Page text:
With the omicron variant spreading like wildfire, COVID-19 cases around the country have shattered previous highs. The federal government has essentially given up on trying to fight the virus and a familiar ghoulish chorus of media pundits and wealthy business executives are berating working people to suck it up and put themselves in harm’s way for the sake of the economy. What’s worse, workers who stand up for themselves are being viciously vilified and scapegoated for the systemic failures that have put us in this mess.

Perhaps no group is facing more backlash right now than educators. Earlier this week, nearly 3/4 of the membership of the Chicago Teachers Union (CTU) voted to return to virtual work until a deal to implement necessary safety measures is reached with Chicago Public Schools (CPS) or until the city’s positivity rate falls below 10%. In response, Mayor Lori Lightfoot and the CPS administration have locked educators out of their virtual classrooms, replaying their actions from last year when COVID cases were surging and teachers were locked out of their employee accounts, and had their pay docked if they refused to return from teaching remotely. In this urgent, unscheduled episode of Working People, TRNN Editor-in-Chief Maximillian Alvarez talks about the lockout with Ana, a CPS teacher and CTU member, and Quetzalli Castro, a CPS teacher and a delegate and organizer within the CTU.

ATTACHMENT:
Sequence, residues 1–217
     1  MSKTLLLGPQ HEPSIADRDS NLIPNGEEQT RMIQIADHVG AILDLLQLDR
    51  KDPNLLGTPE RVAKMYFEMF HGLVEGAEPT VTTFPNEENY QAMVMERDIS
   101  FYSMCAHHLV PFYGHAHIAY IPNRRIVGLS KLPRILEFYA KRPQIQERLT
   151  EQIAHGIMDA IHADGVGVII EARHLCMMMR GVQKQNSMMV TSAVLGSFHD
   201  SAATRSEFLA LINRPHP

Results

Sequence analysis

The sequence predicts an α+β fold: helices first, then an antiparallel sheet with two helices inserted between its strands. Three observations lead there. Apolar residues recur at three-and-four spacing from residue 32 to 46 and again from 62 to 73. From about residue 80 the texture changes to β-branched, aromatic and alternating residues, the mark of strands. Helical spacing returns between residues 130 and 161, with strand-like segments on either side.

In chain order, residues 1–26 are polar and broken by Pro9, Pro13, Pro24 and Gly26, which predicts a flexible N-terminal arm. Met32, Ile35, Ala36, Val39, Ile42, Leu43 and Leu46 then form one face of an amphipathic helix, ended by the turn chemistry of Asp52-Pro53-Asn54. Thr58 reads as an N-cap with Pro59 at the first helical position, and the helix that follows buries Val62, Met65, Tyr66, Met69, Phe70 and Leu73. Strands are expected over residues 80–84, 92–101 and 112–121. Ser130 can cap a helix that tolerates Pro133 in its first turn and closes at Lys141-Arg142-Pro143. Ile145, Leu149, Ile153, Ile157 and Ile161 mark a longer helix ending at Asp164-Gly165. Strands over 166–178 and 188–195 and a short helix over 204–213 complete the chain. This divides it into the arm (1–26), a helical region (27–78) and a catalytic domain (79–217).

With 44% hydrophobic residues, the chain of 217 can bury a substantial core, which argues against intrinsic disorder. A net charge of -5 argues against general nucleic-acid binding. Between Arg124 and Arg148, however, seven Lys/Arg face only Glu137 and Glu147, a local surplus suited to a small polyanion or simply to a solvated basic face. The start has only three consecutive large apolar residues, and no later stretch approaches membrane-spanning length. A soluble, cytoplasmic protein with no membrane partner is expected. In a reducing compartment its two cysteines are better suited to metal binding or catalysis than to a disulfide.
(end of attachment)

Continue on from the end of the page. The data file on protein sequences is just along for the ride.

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Featured Music (all songs sourced from the Free Music Archive at freemusicarchive.org):
Jules Taylor, “Working People Theme Song”


The transcript of this interview is in progress and will be made available as soon as possible.

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Ten years ago, I was working 12-hour days as a warehouse temp in Southern California while my family, like millions of others, struggled to stay afloat in the wake of the Great Recession. Eventually, we lost everything, including the house I grew up in. It was in the years that followed, when hope seemed irrevocably lost and help from above seemed impossibly absent, that I realized the life-saving importance of everyday workers coming together, sharing our stories, showing our scars, and reminding one another that we are not alone. Since then, from starting the podcast Working People—where I interview workers about their lives, jobs, dreams, and struggles—to working as Associate Editor at the Chronicle Review and now as Editor-in-Chief at The Real News Network, I have dedicated my life to lifting up the voices and honoring the humanity of our fellow workers.
Email: max@therealnews.com
Follow: @maximillian_alv